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A recent survey found that 70 per cent of Canadian fund managers still think of Sprott Asset Management as only focused on gold and resources, where it profited so substantially during the bull market of the 2000s. (Alessia Pierdomenico/Bloomberg)
A recent survey found that 70 per cent of Canadian fund managers still think of Sprott Asset Management as only focused on gold and resources, where it profited so substantially during the bull market of the 2000s. (Alessia Pierdomenico/Bloomberg)

No turnaround anytime soon for resource stocks, says Sprott CEO Add to ...

Sprott Asset Management Inc., the Canadian investment firm best known for precious metals, doesn’t want to solely be known for precious metals any more.

The protracted bear market for commodities has forced the fund to diversify its investments and shift focus away from the resource sector, where it profited so substantially during the bull market of the 2000s.

Company chief executive John Wilson, who was brought on in 2012 to help lead the shift, says more than 80 per cent of the company’s actively managed business is not related to resources at all today, compared with only about a quarter in 2012.

In an interview, Mr. Wilson said that Sprott actually started as a small cap investment firm and saw big gains on non-resource plays such as Taser International Inc., but the commodity bull market pushed the firm more into resources.

“The firm grew incredibly quickly through there and grew this reputation as a resource manager, but at its core that’s not necessarily what it was about. It’s just that’s what worked, and that’s what people wanted to put money in.”

But the resource reputation has stuck, helped in part by founder Eric Sprott’s affinity for gold, and Mr. Wilson said that the company determined from a recent survey that 70 per cent of Canadian fund managers still think of Sprott as only focused on gold and resources.

And so Sprott Asset Management, the biggest component of the Sprott Inc. public company, is now in the middle of a cross-Canada tour and advertising campaign to change the perception that it’s only about resources as the bear market for commodities continues for a fourth year.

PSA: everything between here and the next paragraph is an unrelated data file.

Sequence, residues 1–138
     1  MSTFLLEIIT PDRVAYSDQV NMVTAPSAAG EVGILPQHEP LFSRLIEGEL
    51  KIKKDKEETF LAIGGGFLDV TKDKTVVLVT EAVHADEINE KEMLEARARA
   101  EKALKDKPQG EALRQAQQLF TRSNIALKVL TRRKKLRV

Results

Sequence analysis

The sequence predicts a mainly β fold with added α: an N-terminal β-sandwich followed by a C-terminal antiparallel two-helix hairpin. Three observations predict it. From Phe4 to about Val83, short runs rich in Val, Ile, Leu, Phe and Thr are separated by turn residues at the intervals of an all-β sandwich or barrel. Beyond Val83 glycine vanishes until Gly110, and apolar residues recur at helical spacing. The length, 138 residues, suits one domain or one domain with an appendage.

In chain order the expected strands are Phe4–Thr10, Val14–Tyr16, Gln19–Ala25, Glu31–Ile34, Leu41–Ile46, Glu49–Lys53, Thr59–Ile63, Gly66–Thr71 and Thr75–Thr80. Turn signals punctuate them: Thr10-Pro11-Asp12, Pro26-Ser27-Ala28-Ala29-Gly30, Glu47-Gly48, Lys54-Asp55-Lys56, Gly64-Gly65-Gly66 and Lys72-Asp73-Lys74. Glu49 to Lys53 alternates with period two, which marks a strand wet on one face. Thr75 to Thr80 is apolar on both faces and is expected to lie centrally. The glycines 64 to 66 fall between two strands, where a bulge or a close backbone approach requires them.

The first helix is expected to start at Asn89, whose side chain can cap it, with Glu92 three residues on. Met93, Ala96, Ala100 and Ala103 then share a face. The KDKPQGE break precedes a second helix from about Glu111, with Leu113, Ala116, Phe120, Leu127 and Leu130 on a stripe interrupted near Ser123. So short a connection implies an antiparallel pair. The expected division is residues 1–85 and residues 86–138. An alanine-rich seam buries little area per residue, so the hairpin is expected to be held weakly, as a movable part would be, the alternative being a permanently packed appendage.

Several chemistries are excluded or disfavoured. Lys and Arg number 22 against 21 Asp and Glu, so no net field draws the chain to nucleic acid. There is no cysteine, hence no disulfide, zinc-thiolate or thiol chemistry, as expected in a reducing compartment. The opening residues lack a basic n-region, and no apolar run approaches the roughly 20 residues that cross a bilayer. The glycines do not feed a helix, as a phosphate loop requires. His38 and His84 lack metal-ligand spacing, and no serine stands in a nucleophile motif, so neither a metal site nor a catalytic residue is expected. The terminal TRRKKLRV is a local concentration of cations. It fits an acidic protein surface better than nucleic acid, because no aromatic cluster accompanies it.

Mr. Wilson said precious metals, mining, and energy have “all been hit incredibly hard,” and he doesn’t see a turnaround soon as the fast growth in emerging markets that drove the commodity boom shows a lot of stress.

“Those growth rates are clearly decelerating pretty rapidly, and so over the near term, it doesn’t look particularly compelling, and the price action is telling that,” he said.

As the commodity cycle wound down, Sprott Asset Management started shifting into new areas of investment and is now more involved in fixed income, blue-chip equity investments, and real asset investing outside of resources.

But despite the diversification, Sprott is still a big name in precious metals, in part as a major player in physical gold investments.

And Sprott Asset Management is currently pursuing a hostile takeover of Central GoldTrust and Silver Bullion Trust to increase its stake in the physical gold business.

If the company is successful in its all-share US$898 million offer, the firm plans to merge the two businesses with its own precious metals holding companies, the Sprott Physical Gold and Silver Trusts.

Wilson said he thinks Sprott can do a better job of managing Central GoldTrust and Silver Bullion Trust.

“Sometimes when you’re the biggest in an asset class, and in precious metals we are, it is incumbent on you to clean up the space,” said Wilson.

The deal is anything but certain, with Sprott already extending the deadline for its offer twice, the latest of which ends on Friday.

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